Document Type


Date of Award


Degree Name

Doctor of Philosophy in Chemical Engineering - (Ph.D.)


Chemical and Materials Engineering

First Advisor

Ecevit Atalay Bilgili

Second Advisor

Lisa Axe

Third Advisor

Piero M. Armenante

Fourth Advisor

Murat Guvendiren

Fifth Advisor

Kathleen McEnnis

Sixth Advisor

Helen F. Yao


Nanoparticle production by wet stirred media milling (WSMM) is a common method for the formulation of poorly water-soluble drugs. While most of the studies in the WSMM literature focus on the formulation aspects to overcome the stability challenges, a thorough mechanistic understanding of the process is lacking, and the process is slow, costly, and energy-intensive. This dissertation presents experimental and modeling work with the ultimate goals of (i) gaining a deeper and more mechanistic understanding of the WSMM process and breakage kinetics of the particles using a microhydrodynamic model with various improvements and advancements, (ii) examining the heat dissipation during the WSMM as a function of various process parameters, and (iii) optimizing and intensifying the WSMM using novel approaches such as bead mixtures of two different bead materials and mixtures of differently sized beads.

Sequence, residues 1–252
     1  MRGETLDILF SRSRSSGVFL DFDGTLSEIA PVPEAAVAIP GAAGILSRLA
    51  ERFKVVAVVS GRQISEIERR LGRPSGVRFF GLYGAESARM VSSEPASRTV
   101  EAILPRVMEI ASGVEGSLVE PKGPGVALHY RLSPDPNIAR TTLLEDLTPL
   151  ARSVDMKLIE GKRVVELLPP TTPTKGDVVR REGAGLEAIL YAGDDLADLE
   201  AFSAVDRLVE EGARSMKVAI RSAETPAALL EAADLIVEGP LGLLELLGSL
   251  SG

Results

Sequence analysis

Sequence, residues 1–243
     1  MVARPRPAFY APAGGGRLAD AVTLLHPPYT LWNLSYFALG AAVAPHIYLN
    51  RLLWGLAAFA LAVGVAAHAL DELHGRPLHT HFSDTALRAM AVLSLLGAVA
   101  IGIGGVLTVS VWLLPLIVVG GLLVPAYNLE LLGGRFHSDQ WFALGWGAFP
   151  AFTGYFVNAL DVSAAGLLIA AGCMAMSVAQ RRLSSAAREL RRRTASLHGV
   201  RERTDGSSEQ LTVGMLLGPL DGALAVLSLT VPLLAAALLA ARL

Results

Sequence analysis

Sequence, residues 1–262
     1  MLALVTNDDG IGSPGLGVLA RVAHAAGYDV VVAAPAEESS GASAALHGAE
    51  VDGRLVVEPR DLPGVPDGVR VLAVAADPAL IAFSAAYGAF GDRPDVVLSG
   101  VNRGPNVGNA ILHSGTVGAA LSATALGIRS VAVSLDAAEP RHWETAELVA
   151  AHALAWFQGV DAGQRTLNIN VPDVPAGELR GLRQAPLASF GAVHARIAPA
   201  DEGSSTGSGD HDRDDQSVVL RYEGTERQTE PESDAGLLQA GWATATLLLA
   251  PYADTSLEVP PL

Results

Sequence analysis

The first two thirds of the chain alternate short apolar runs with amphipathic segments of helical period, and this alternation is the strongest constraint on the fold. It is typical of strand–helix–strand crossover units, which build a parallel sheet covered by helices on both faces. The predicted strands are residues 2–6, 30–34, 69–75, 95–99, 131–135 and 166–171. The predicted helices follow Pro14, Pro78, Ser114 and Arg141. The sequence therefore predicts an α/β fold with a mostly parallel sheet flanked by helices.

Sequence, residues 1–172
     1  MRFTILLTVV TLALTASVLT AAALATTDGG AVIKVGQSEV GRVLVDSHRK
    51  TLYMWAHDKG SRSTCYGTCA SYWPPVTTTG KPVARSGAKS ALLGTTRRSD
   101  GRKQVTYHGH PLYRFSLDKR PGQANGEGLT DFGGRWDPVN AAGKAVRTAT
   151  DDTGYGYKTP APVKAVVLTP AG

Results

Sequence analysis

To achieve the aforementioned goals, an nth-order breakage kinetics model is formulated to provide the best representation of the experimental median particle size evolution with time upon the milling of drug suspensions. Microhydrodynamic parameters are used to predict the breakage rate constant via a subset selection method, where the predictions are improved when the packing limit of the beads is taken into account. The analysis of heat generation–transfer experimental results suggest a significant rise in temperature during the milling, and stirrer speed is the most influential parameter followed by bead loading and bead size. An enthalpy balance model (EBM) is formulated to fit the experimental temperature profiles and determine the fraction of the mechanical power converted to heat, which is predicted using power law and machine learning approaches. As a low-fidelity alternative to the EBM, a semi-theoretical lumped-parameter model (LPM) is also formulated, which requires less experimental information though still provides a better estimation of temperature rise during WSMM as compared with the EBM. To improve the process, two novel process optimization approaches via bead mixtures are evaluated. When two bead materials, which are polystyrene and zirconia, are compared, polystyrene is found to be more efficient in terms of lower power consumption and heat generation, whereas zirconia beads are found to be better for fast breakage kinetics. Mixture of bead materials is introduced as a novel operational technique, to optimize the process from a holistic cycle time–power consumption–heat generation perspective. A decision tree for the composition of the bead mixture for various pharmaceutical application scenarios is developed. While the mixtures of polystyrene–zirconia beads help to reduce cycle time with acceptable temperature rise and power consumption, the mixtures of different bead sizes do not provide any significant benefit as compared with narrowly-sized individual beads. Overall, this dissertation addresses various process challenges of WSMM such as long cycle time and temperature rise, and formulates novel experimental solutions such as mixture of beads and predictive modeling techniques using various machine learning algorithms. Besides generating fundamental insights into the processing, the research hints at a new path to modeling the WSMM process via a combination of the microhydrodynamic model and population balance model augmented with machine learning approaches.



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